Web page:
Once we had a theme, we considered the shape of the agenda and how the boxes would enhance the journey over the two days. What activities could benefit from deeper engagement? How might we create a shared experience through touch, taste, sound? How can the boxes set a tone for the meeting before it even starts? After it ends?
Below: excerpts from an early draft proposal showing how participants would experience the boxes, and how they would align with the agenda.
Authenticity is also key: in addition to aligning with the agenda, the items should align with the culture of the team. We worked closely with the client, as they understood their people and what would delight them, to get a sense of what types of items might work best.
Content of the Sephora Boxes
Choosing what to include in the box was very much a joint effort. Sephora had clear ideas for certain items, but was open to suggestion on others.
The first thing we agreed on, after the theme, was that the boxes should be separated into “Day One” and “Day Two” packages, each one individually wrapped in tissue paper, tied with a ribbon, and topped with a card saying “Do not open until instructed.” This kept participants on track, as well as heightening their sense of anticipation for what was to come.
Every meeting should delight the palate, so we included packets of instant coffee and hot chocolate so participants could brew a cup before the start of the meeting. Each day had different themed treats such as popcorn, twizzlers, lollipops, and champagne candy to “toast” accomplishments.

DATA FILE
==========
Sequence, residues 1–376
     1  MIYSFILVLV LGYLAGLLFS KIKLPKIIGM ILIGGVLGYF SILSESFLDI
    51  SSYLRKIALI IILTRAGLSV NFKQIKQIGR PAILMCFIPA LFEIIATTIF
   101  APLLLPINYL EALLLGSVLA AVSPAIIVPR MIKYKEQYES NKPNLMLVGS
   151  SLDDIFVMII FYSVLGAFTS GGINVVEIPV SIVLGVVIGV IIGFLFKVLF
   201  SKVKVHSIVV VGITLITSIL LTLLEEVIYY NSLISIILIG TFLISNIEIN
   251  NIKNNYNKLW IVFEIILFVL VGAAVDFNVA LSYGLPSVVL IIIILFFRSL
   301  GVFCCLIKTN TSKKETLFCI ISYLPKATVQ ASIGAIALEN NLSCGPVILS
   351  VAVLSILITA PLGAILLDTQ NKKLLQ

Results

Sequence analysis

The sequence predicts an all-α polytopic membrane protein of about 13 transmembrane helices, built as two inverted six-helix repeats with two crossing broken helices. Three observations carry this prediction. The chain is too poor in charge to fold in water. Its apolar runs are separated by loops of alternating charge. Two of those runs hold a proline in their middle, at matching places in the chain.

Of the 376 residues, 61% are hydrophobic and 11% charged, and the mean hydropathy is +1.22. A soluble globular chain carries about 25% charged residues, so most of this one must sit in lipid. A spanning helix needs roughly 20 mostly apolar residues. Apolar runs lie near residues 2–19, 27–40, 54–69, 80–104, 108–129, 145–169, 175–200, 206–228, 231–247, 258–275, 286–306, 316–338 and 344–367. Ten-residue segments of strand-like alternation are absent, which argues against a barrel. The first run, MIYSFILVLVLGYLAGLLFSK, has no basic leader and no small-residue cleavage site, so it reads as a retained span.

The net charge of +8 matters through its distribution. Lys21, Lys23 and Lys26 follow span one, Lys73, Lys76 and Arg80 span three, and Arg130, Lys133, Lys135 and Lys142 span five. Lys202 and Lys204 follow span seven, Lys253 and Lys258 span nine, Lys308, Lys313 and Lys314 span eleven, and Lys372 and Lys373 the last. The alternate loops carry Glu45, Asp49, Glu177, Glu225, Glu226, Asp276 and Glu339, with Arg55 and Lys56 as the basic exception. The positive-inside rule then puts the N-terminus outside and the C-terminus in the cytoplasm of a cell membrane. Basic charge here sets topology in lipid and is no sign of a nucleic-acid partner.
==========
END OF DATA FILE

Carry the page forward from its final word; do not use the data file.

To add to the fun, each day’s package contained items for movement breaks: a set of juggling scarves on Day One and a ribbon wand for Day Two. A magic rope trick was also included for a segment where the group would learn magic together.
Each day’s activities were supported by visual handouts and templates, including templates for framing discussions and mapping goals, a visual agenda to keep people on track, and themed stickers and cards for specific reflection activities.
Also included were items to deepen their thinking and serve as ongoing keepsakes: a journal to record their thoughts, and a prism to prompt reflection throughout 2021.
The final activity had people wrap up their completed worksheets and templates, along with the journal, into the box and wrap it up as a time capsule.
Tips for conference boxes
Planning & coordination: conference boxes require significant planning and coordination. Close tracking of timelines, dates, and budgets is essential!
Teamwork: conference boxes require a team working together with clear communication and division of roles.